Finsbury Park terror suspect's mum responds to mosque attack

He told Asharq Al-Awsat that the attack was aimed at "spreading fear and terror among the people", but hailed the imam of the mosque for stopping the angry worshipers from retaliating against the attacker.

Finsbury Park Mosque trustee Mohammed Kozbar met with interfaith leaders and said that an attack on one faith was an attack on all.

British Home Secretary Amber Rudd says police "immediately" treated a fatal incident outside a London mosque as a suspected terrorist attack.

"I've been here for over 35 years and it's always been mixed and really peaceful and I don't want to see that change", said the short-haired woman, who said she was in her 60s.

"I'm restraining him", one man shouted.

"Diverse, welcoming, vibrant, compassionate, confident and determined never to give in to hate".

"This was a van driven into a crowd of people who were tending a man who was already injured and they were coming home from night-time prayers in the mosque".

"I saw him on the news and I thought 'Oh my God, that is my neighbor, ' " Sherizi told the Press Association.

But Kacimi said there was no need for the community to panic, because police and government officials have been "very, very supportive".

Finsbury Park represents the rest of London. "That's what makes us a strong society and community". The leader of the opposition Labour Party, Jeremy Corbyn, in whose electoral area the attack took place, said he was "totally shocked".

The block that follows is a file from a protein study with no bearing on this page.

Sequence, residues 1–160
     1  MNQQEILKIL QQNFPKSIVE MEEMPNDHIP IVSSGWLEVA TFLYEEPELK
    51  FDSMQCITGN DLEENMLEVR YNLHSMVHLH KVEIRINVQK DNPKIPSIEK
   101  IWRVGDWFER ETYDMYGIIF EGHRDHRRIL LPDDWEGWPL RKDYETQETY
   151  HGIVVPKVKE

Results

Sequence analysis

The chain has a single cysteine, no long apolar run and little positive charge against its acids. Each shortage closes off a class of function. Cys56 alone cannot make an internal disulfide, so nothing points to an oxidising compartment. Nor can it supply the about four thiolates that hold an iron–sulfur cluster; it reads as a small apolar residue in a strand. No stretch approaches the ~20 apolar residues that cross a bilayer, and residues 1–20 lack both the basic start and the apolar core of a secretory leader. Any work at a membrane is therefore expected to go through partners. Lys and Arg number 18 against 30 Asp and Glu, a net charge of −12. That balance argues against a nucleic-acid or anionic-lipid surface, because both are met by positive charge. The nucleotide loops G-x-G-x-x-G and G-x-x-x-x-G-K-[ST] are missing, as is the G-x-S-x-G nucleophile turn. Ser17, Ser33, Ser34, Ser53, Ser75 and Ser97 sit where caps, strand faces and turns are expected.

The attack was the fourth since March in Britain and the third to involve a vehicle deliberately driven at pedestrians. "My thoughts are with those and the community affected by this terrible event", Opposition Labour leader Jeremy Corbyn, who is an MP from the area, said as he paid a visit to the site.

He added that the attack had "all the hallmarks" of a terrorist attack. After Monday morning's incident, witnesses said, the imam at this nearby Muslim center and mosque stopped worshippers from attacking the man who had been driving the truck.

The assault comes on the heels of an attack at London Bridge, in which three men rammed a van into pedestrians and went on a stabbing spree at nearby bars and restaurants, killing eight people. Basu said it was a "challenging" time for London and that the emergency services were stretched.

The van plowed into the worshippers on Seven Sisters Road, a busy thoroughfare in Finsbury Park, north London, near a Muslim community center and a mosque.

British security officials say hate crimes directed at Muslims have increased almost five-fold in the wake of several attacks in Britain blamed on Islamic extremists. "We don't yet know the full details, but this was clearly a deliberate attack on innocent Londoners, many of whom were finishing prayers during the holy month of Ramadan".

He said: "An attack on a mosque, an attack on a synagogue, an attack on a church, is actually an attack on all of us".

"A group of people began to collect around the assailant and some tried to kill him with kicks or punches".

On March 22, a man drove a rented vehicle into pedestrians on Westminster Bridge in London and stabbed a policeman to death before being shot dead.

After the London Bridge attack, the mayor's office reported a 40 percent increase in racist incidents in the city and a fivefold increase in the number of anti-Muslim incidents.

Two weeks earlier, a suicide bomber killed 22 people at a concert by American pop singer Ariana Grande in Manchester in northern England.

  • Leroy Wright